A proposed class action lawsuit claims Fidelity First Real Estate and Mortgage Inc. has placed unlawful telemarketing calls to consumers’ cell phones without securing their prior consent to be contacted.
The eight-page case claims the defendant, which does business as Fidelity First Funding, has violated the Telephone Consumer Protection Act (TCPA) and owes consumers up to $1,500 for each allegedly unlawful call.
The plaintiff, a Winchester, California resident, says the mortgage lender called his cell phone in February 2021 in an attempt to sell its services. According to the suit, Fidelity First then called the plaintiff another three times in February and March for non-emergency purposes. Per the case, non-emergency telemarketing calls placed using an automatic telephone dialing system or with an artificial or prerecorded voice are illegal under the TCPA unless the caller first obtains the recipient’s express written consent to be contacted.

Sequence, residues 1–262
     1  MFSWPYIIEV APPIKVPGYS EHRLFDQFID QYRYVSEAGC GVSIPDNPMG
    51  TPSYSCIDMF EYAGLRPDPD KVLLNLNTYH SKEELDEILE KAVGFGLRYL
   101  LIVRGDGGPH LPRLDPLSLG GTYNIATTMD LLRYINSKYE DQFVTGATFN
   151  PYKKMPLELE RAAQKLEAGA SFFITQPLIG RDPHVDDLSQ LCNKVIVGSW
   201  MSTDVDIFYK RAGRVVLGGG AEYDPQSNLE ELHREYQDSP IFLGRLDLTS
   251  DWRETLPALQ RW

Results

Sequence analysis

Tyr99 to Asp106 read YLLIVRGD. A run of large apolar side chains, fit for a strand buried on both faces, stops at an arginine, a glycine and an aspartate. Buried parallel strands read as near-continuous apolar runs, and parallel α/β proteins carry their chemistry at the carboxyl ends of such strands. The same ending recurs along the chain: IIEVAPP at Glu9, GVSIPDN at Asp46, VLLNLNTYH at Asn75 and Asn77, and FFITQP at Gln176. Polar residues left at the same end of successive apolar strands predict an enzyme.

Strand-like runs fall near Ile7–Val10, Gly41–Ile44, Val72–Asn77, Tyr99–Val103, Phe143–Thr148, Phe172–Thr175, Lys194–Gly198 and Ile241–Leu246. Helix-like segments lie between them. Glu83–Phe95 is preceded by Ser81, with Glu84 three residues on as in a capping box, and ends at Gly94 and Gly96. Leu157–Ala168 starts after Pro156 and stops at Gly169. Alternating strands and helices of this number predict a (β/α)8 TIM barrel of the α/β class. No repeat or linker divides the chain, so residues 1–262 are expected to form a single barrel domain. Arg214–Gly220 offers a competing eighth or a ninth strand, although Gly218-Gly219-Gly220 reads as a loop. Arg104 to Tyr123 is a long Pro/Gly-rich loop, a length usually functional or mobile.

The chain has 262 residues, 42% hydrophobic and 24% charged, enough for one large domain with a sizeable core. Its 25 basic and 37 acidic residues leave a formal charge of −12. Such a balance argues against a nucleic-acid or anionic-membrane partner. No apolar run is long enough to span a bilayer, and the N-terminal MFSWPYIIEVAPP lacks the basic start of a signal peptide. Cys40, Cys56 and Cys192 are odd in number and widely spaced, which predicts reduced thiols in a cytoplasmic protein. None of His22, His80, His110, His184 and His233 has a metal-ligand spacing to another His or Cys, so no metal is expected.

The plaintiff claims to have never been a customer of the defendant nor provided the company with any personal information, including his cell phone number, “for any purpose whatsoever.” As such, Fidelity First never obtained the plaintiff’s prior express consent to be contacted using an automatic telephone dialing system or an artificial or prerecorded voice, the lawsuit alleges.
The suit looks to cover anyone in the U.S. who, within the past four years, received a call from the defendant to their cell phone that was made using an automatic telephone dialing system or artificial or prerecorded voice and who never provided prior consent to receive such a call.
According to the lawsuit, those who meet the aforementioned criteria are owed $500 for each call determined to be made negligently or $1,500 for each call determined to be made willfully and knowingly by the defendant.
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